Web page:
Ageism in the workplace.

From July 1, 2017, we will see the first of four biennial changes made by the federal government to raise the eligibility age for the pension to 67 by 2023.

In the last 20 years, our growing population has shown a proportionally larger increase in those aged 65 and over, with the number of people aged over 85 doubling. In the same period, the proportion of people aged 15 years and less decreased.

With Australians living and working longer than ever before, there is a need to address societal perceptions of older people to increase participation by older workers in the workforce. Older workers face ageist stereotypes, biases and negative attitudes which label them as too difficult to train, and too costly.  As a society, we are discarding valuable older workers far too early; ageism in the workplace is endemic.

Generational warfare.

According to research by Michael North, founder of the Accommodating Generations in Employment (AGE) Initiative, overstepping societal boundaries can lead to discontent between generations.

Imagine there is a hypothetical age queue: young people enter, middle-agers thrive, elders retire. Societal allocations of symbolic and practical resources tend to favour the middle-aged, with young people slowly working upwards… as long as the line keeps moving. With the age of retirement increasing, and people working well into their seventies, generational angst rears its head.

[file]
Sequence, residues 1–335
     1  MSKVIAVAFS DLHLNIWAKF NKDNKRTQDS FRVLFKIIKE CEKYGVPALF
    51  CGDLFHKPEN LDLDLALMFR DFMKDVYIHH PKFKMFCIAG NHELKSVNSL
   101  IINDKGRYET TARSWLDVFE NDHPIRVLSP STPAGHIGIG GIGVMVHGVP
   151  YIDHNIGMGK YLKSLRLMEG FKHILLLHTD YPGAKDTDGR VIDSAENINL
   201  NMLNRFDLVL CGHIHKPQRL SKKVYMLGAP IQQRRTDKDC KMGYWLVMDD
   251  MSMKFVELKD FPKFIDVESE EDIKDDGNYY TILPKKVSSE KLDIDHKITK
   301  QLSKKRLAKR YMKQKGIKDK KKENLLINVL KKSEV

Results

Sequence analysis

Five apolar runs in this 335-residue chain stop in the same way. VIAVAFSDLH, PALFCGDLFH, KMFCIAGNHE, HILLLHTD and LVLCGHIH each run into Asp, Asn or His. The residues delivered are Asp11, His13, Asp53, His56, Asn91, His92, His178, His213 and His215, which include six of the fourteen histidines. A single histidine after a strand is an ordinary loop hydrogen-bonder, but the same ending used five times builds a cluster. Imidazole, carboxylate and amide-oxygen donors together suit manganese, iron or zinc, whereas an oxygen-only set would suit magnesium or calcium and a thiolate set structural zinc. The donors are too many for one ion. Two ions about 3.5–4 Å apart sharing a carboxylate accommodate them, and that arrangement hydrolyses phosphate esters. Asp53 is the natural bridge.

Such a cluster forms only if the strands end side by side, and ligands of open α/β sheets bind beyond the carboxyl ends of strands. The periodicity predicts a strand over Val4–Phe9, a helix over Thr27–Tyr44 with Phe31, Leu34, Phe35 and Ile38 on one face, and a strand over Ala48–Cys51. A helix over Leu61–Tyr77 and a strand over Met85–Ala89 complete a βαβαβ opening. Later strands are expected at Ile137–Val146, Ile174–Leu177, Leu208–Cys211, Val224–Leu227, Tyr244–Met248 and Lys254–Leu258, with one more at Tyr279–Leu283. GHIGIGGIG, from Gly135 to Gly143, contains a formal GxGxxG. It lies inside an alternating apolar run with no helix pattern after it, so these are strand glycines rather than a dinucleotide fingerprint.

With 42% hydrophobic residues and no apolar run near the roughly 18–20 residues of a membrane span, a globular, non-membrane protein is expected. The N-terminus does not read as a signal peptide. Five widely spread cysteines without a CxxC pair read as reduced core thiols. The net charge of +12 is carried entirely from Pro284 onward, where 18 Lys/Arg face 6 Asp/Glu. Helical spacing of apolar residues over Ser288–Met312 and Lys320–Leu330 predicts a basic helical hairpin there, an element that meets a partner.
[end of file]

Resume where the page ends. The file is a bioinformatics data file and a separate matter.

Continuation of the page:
Here, we see prescriptive “should”-based stereotypes dictate the behaviour of other age groups. Ageism appears in the fear that older people are “hogging” resources (in healthcare, in government, in property) before others have a chance to get their share. There is a belief that older people should make way for others to gain improved employment and political influence. But the government has made it clear that older workers must work longer. An extra 3 percent participation rate in workers over 55 is estimated to account for a $33 billion boost to the economy.

Dispelling the myths.

Recently, the Council of the Ageing (COTA), in partnership with Ellis Jones, won a Lord Mayor’s Charitable Foundation grant to begin research into a social enterprise affectionately called ‘The Centre’.

Through online surveys and focus groups in the Realm of Possibilities, this research has highlighted the need to advocate for positive representation of older workers in public dialogue. We spoke to many older people willing to work but finding it near impossible to gain employment after the age of 50.

“This is the largest, healthiest most active population we have ever had.”
Micheal North, founder of AGE Initiative

Shifting ageism in the workplace.

From an organisational perspective, the need to understand our ageing population has never been greater. Ageism can no longer exist alongside the fact that 75% of people expect to work past retirement age, and five generations will co-exist in the same workplace by 2020.

There is a need to shift the focus from what older people should or shouldn’t do, to making the evermore inter-generational workplace a productive one. This is a responsibility that falls largely to organisations.

Talk to us about harnessing the power of inter-generational collaboration.

And if you have older generations on your mind, come to our co-design in aged care event.